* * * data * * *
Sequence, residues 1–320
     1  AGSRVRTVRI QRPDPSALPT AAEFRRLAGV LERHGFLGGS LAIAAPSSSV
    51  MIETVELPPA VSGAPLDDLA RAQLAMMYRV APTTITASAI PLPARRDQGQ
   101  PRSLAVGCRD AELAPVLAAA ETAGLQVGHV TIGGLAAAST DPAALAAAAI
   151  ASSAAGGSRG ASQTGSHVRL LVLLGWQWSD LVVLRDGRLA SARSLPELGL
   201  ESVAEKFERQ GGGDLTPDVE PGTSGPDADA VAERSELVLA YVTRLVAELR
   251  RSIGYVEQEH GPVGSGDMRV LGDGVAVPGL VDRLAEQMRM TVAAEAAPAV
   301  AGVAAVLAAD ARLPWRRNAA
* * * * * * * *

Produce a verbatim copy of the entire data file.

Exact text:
Sequence, residues 1–320
     1  AGSRVRTVRI QRPDPSALPT AAEFRRLAGV LERHGFLGGS LAIAAPSSSV
    51  MIETVELPPA VSGAPLDDLA RAQLAMMYRV APTTITASAI PLPARRDQGQ
   101  PRSLAVGCRD AELAPVLAAA ETAGLQVGHV TIGGLAAAST DPAALAAAAI
   151  ASSAAGGSRG ASQTGSHVRL LVLLGWQWSD LVVLRDGRLA SARSLPELGL
   201  ESVAEKFERQ GGGDLTPDVE PGTSGPDADA VAERSELVLA YVTRLVAELR
   251  RSIGYVEQEH GPVGSGDMRV LGDGVAVPGL VDRLAEQMRM TVAAEAAPAV
   301  AGVAAVLAAD ARLPWRRNAA